11/21/11 - Are You Overtrained?
I’ve seen some of you give me “the look,” so I know you can relate. I am talking about “the look” I get when I don’t allow students to pay for a membership upgrade. You’d think as a coach trying to make a living that there isn’t a sweeter sound than that of a student wanting to upgrade his/her membership. Making more money is the name of the game right?
Well, not exactly… The name of the game is growing fitness. It’s results and improvement. It’s the tangible stuff we can hang our hat on and say, “That’s growth!”
I’d like to think FFOTB is a bit more mature than to simply sign up the most amount people for the most amount of money. If we are putting people in position to accomplish their goals, then we are doing our job. However, if our students are too sore, injured, or unmotivated to surpass their goals that leaves an unhappy student and an unsuccessful gym. That’s exactly why I’ve told some of you to train less, even if it means less money for FFOTB.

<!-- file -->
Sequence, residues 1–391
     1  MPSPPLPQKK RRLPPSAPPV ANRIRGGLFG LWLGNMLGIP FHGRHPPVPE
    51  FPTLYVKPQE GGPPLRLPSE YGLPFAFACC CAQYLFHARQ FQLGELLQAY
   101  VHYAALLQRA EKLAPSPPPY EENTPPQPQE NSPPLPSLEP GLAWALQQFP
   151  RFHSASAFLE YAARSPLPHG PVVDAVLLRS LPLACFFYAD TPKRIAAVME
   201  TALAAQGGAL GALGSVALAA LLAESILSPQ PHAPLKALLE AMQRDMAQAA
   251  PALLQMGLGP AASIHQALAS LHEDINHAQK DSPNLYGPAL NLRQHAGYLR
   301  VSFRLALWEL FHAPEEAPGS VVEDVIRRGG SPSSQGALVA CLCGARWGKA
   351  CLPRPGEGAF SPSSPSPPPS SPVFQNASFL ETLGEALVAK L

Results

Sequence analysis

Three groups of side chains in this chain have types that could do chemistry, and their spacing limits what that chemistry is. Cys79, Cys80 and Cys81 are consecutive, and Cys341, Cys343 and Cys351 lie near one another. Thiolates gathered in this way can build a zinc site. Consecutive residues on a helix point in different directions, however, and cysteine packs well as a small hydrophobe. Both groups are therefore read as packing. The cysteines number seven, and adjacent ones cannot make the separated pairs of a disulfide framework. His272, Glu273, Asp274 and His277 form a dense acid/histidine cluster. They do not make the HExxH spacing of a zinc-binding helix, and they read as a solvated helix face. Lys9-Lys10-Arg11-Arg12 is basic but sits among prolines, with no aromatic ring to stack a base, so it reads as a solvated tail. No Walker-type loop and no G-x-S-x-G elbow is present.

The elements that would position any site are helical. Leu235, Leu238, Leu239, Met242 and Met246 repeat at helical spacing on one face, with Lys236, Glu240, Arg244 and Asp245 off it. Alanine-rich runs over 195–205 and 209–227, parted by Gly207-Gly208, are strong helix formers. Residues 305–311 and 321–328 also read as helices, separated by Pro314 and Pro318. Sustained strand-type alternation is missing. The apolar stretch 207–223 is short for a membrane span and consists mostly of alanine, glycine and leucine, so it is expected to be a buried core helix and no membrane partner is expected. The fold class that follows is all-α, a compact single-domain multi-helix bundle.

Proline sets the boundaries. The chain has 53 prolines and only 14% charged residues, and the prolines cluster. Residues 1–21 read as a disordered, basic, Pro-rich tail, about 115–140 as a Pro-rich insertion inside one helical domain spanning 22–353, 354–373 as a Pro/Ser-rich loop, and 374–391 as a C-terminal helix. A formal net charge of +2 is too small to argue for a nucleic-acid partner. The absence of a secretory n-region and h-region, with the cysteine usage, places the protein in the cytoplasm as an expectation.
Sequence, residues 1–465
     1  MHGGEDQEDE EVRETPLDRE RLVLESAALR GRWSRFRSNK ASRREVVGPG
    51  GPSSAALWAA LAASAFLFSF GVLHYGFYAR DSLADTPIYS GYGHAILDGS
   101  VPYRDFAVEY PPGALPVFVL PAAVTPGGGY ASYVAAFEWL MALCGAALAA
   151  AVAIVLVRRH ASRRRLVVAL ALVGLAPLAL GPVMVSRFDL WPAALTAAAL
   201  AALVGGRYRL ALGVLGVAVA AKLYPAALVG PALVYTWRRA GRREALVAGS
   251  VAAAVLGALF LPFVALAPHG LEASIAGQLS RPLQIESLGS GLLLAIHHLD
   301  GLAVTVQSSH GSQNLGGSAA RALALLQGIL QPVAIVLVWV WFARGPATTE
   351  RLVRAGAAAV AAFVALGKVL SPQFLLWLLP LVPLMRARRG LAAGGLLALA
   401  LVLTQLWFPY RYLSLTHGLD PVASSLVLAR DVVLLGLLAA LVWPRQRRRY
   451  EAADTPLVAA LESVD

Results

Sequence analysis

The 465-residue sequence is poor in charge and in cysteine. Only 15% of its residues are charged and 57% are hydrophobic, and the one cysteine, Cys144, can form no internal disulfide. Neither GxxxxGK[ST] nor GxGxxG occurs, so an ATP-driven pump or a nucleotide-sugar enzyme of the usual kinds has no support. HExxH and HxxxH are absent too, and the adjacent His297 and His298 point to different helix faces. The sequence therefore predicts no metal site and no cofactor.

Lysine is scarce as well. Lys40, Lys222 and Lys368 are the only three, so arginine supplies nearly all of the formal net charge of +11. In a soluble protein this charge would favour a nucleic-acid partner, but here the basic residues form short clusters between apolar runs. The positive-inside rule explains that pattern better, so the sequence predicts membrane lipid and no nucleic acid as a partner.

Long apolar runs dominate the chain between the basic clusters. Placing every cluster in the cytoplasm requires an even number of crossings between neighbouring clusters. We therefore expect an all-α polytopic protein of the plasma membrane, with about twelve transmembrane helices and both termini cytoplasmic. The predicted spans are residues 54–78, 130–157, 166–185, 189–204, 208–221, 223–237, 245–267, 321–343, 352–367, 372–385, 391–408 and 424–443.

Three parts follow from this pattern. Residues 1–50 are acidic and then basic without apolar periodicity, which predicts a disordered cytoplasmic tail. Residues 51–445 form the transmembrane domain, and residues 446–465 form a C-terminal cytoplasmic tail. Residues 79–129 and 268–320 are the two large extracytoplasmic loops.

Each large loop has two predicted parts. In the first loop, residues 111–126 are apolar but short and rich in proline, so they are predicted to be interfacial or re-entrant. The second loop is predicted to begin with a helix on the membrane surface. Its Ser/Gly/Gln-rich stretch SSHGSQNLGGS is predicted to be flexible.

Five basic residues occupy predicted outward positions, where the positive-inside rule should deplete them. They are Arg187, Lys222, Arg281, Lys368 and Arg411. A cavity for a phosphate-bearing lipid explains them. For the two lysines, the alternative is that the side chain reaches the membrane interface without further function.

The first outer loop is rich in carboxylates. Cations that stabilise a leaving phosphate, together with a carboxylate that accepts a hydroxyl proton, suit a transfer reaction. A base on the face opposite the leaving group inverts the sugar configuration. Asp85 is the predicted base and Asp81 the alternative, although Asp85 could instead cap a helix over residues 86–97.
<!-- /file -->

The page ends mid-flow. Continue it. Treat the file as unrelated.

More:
More isn’t always better. It’s all too easy to get sucked into the Americana of two workouts being better than one, longer workouts are better than short, more weight is better than less, etc. What are we seeking after all? Isn’t this about performing/looking/feeling better? If training 6 times a week isn’t making you stronger or faster, what’s the point?
Training volume should only ever be as much as one can recover from. If your body doesn’t recover, it cannot make the intended adaptations. Period. Naturally, this means the proper “dosage”of training is relative. If one can recover from two workouts in a day, positive adaptation will result. For another athlete, this may be worse than not training at all. What makes us more fit is the changes our bodies make AFTER we train. The juice, then, isn’t necessarily in the working out, it’s in the recovery.
Overtraining is real. And, it’s not just for the super athletes. People that exercise as an escape and have created a comfort zone in working out are extremely susceptible to overtraining. Maybe using exercise as a defense mechanism isn’t the worst habit to have, but its implications shouldn’t be overlooked. Always hurt? Do you find yourself training with no real plan or purpose? Despite intense training has your improvement plateaued? I am talking to you.
How do I know if I am over trained? Each morning track your resting heart rate in your workout log. Spikes in your resting heart rate can indicate your body’s lack of ability to recover. Training in this zone may be making you less fit (amongst other things).
6 KB Front Squats
-Rest 2 Min-
6 Windshield Wipers
-Rest 2 Min-
6 Jumping Lunges
6 KB Thrusters
-Rest 2 Min-